Is there anyone who doesn't cry when watching the amazing film Forrest Gump? When mamma "died on a Tuesday" or when he's thinking about Jenny and "there she was" or when he meets Little Forrest for the first time and wonders "is he smart, or is he...?" These poignant moments are enough to melt the hearts of even the coldest of us. There is so much more to the film than just the funny parts or the sad parts or the endearing parts. Forrest Gump has a plethora of aspects that can help to teach even the most reluctant of students.
For years, I have been teaching this movie to my 8th grade gifted/talented students, but high school students as well can benefit from not just watching, but studying, this film. This is my basic plan for the Forrest Gump unit in my classroom.
1. Because of the rich history in the movie, I begin with a research project over the various historical events that Forrest is "involved" in shaping: Elvis's dancing style, the integration of the University of Alabama and Governor Wallace, JFK's assassination and alleged affair with Marilyn Monroe, Coach Bear Bryant, Robert Kennedy's assassination, the draft for Vietnam, folk music/Joan Baez/Bob Dylan, the Congressional Medal of Honor, The Chicago Eight and the Black Panthers, John Lennon and "Imagine," Watergate and Richard Nixon, assassination attempts on Gerald Ford and Ronald Reagan, and the jogging craze of the early 80's. The students each pick a topic to research, and their product (including an annotated bibliography) can be anything they want it to be: a game, a brochure, a mobile, a graph, a long poem, a map, a collage, a model, a cartoon strip, or anything else that they choose. This can be modified for a specific product or even a technology product. They must present it to the class before viewing the film so that the entire class is more aware of the historical aspects of the film.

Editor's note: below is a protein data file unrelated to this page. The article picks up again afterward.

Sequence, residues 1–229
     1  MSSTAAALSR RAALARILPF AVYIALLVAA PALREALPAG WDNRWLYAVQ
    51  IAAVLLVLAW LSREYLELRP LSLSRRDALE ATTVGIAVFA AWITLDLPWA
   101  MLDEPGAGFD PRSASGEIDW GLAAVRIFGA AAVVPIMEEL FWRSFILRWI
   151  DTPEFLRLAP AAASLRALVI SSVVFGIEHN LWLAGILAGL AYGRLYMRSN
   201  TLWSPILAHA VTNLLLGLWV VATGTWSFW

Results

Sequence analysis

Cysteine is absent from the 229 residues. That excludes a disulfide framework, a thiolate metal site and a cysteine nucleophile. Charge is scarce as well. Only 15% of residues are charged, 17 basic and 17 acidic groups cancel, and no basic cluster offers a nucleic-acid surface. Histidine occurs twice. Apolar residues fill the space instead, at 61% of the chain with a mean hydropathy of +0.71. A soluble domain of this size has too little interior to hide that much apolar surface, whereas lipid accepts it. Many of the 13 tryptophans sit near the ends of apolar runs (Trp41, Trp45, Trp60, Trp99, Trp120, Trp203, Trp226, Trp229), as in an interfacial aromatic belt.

2. Watch the movie. I don't view the entire film with them because I cut out some of the racier scenes that make it PG-13, but I make sure to cover the most poignant aspects and all of the historical parts of the plot. Each aspect of it now has an "expert" in the class who has done the research on that topic, so each student gets to be the discussion leader at different times as we stop and talk about the film.
3. The soundtrack. The soundtrack to Forrest Gump is key to understanding. I hand out copies of the lyrics and we spend a couple of days just listening to the music and talking about what happened in the movie during that time and tying it in to what they now know about American history as a result of their research. The connections that they make will astound you as they actually study the lyrics of the songs they heard while watching the movie.
4. End product: the essay. Using the entire writing process: pre-writing, drafting, revising, editing, and publishing, the students write about this topic: Forrest Gump is a film about the world being influenced and touched by a man held back by things that society deems "intolerable." Tell about a time when you or someone else (real or fictional) had to overcome a physical or mental handicap in order to be successful. Relate your tale to our theme of tolerance.
This unit is definitely one of my favorites of the years...